Insert another unique introduction to Bruichladdich. Look, I’ve said all there is to say about Bruichladdich now, in the forty million reviews I’ve written about their whiskies, so I shall jump straight onto an interesting notion about barley or something. Because yes! We have a rare barley-focussed producer. Imagine that! A single malt producer that is genuinely interested in malted barley.
Except for that’s probably not a good angle, because these are peated whiskies – massively peated whiskies, in fact – which tends to steer one’s mind away from considerations of the grain and terroir and vintages. Perhaps that’s why this line up of Octomores – version 9.X – has me raising an eyebrow or two, and I only have two, with regards to a couple of words in the accompanying material. I should probably say at this stage if you want to read a fairly wonkish interview with the two key production guys at Bruichladdich, Allan Logan and Adam Hannet, read this from last year. Then come back here as a more enlightened being.
Now, I used to love the Laddie Islay Barley series, way back in the day, as it used to be barley from one farm. Indeed, that’s one of the things I commented on in that interview. Kilchoman does it now and then (though seems to me to be caught up in some strange arms race with Bruichladdich to be the most Islay-Islay whisky. I even noticed them hijacking the #WeAreIslay hashtag). Same with Springbank Local Barley, which comes out now and then. Same with the Cotswolds Distillery’s first release. Single farm barley is a very good start.
(Of course, of course, the Waterford model is this on a massive scale, I’ll shoehorn in here – single farm distillations around the year. But the difference here is that the focus is not the romance of the farm for the sake of it – which is still quite nice and important in its own way – but capturing different flavours through an understanding of terroir. I have a bit of a unique feeling on this – so of course it skews my thinking.)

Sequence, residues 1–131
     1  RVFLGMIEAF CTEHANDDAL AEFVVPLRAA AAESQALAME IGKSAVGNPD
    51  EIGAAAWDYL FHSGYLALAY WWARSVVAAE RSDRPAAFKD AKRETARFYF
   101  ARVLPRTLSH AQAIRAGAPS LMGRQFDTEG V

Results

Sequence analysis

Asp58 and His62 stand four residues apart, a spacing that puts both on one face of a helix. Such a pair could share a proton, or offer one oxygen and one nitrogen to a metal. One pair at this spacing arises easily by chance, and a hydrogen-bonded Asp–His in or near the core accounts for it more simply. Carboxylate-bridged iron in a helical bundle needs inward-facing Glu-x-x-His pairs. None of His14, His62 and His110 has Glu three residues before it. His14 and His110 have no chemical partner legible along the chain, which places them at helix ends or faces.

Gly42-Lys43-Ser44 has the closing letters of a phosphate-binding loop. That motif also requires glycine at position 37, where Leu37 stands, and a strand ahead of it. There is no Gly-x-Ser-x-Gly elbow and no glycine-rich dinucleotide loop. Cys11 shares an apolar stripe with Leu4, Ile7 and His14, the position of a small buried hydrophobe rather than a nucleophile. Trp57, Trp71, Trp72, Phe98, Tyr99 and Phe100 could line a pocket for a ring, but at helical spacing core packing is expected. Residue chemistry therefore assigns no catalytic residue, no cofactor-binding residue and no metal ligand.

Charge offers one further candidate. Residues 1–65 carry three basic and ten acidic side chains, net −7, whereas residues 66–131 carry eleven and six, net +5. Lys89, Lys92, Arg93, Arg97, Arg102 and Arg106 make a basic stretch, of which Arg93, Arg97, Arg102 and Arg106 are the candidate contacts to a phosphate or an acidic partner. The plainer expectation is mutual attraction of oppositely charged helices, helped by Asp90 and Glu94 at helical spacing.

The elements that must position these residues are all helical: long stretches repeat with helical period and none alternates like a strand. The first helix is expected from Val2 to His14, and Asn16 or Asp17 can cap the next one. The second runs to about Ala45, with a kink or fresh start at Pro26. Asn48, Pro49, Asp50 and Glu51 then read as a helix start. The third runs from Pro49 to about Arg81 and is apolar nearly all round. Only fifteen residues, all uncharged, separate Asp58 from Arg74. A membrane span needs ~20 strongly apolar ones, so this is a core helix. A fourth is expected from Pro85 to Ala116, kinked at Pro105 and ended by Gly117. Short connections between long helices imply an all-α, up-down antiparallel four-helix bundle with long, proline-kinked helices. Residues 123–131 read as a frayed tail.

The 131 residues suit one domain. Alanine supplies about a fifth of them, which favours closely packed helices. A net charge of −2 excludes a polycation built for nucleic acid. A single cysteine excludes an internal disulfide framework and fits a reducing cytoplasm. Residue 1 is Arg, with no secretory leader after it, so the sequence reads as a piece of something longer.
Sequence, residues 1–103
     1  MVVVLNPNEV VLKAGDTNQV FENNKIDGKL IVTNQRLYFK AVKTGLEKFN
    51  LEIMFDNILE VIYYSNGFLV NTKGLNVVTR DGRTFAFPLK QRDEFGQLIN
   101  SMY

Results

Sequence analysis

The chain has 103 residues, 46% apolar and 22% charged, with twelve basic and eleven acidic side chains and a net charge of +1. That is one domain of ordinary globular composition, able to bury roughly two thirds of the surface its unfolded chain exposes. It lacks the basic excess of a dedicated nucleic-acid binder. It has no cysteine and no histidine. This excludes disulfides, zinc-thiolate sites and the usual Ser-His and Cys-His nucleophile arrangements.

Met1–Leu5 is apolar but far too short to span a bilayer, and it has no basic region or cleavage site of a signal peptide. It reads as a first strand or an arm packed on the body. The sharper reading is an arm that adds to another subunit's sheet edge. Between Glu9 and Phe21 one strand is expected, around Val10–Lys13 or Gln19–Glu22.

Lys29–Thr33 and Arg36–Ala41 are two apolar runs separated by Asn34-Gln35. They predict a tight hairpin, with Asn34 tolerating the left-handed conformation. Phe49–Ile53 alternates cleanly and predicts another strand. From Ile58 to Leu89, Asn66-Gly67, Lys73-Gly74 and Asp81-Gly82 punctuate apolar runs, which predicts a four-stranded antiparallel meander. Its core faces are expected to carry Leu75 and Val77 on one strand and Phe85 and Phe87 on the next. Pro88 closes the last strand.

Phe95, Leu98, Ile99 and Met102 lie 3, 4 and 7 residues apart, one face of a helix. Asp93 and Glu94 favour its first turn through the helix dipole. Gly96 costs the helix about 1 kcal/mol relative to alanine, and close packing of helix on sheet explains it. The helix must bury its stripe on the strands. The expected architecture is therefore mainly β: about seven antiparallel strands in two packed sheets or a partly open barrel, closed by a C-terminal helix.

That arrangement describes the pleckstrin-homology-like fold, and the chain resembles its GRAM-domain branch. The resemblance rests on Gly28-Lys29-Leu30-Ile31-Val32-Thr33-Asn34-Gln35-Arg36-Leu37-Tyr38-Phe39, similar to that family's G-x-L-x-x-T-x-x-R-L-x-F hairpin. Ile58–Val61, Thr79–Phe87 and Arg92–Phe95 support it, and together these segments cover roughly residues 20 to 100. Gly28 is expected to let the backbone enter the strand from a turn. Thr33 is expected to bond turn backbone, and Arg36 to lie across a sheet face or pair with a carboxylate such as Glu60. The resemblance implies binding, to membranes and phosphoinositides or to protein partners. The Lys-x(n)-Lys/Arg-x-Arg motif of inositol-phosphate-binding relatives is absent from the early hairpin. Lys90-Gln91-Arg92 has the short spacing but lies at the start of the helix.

But this post isn’t about terroir. And perhaps… well, that’s actually my point a bit.
I like knowing where my products come from. Be it cheese or beer. Who doesn’t? I’m a fully signed-up member of the middle classes, so of course, I’m in that luxurious position of being able to demand such things in my drink. That the majority of Irish whisky uses ingredients from overseas, or Scotch whisky uses ingredients from outside of Scotland, and that both industries get away with it is annoying. That they get away with not caring about the fact is a greater sin. Imagine that can’t-be-arsedness in any other industry. But provenance is the first step on the journey to whisky becoming something more special – because god only knows, there’s very little of it about.
So my first quibble isn’t a quibble at all, but perhaps a challenge to all distillers of provenance-based spirits: how about you start telling me more about that crop? What was the harvest like – what did that do to the grain? What was Octomore farm like that year? Was the spirit particularly good then? Did you get more flavour? We have a collective responsibility to educate whisky drinkers on these nuances, rather than just state them; otherwise, we’ll continue to be dealt a shitty story by other brands for decades to come. So how good was the spirit from that barley? Better than another? What do you think? We want to know – I certainly do. Some sort of qualitative information would be useful, would it not? Look at how Château d’Yquem talks about its vintages. I like that stuff. I like it a lot, and once you get caught up in that mindset it’s difficult to look at whisky in the same light.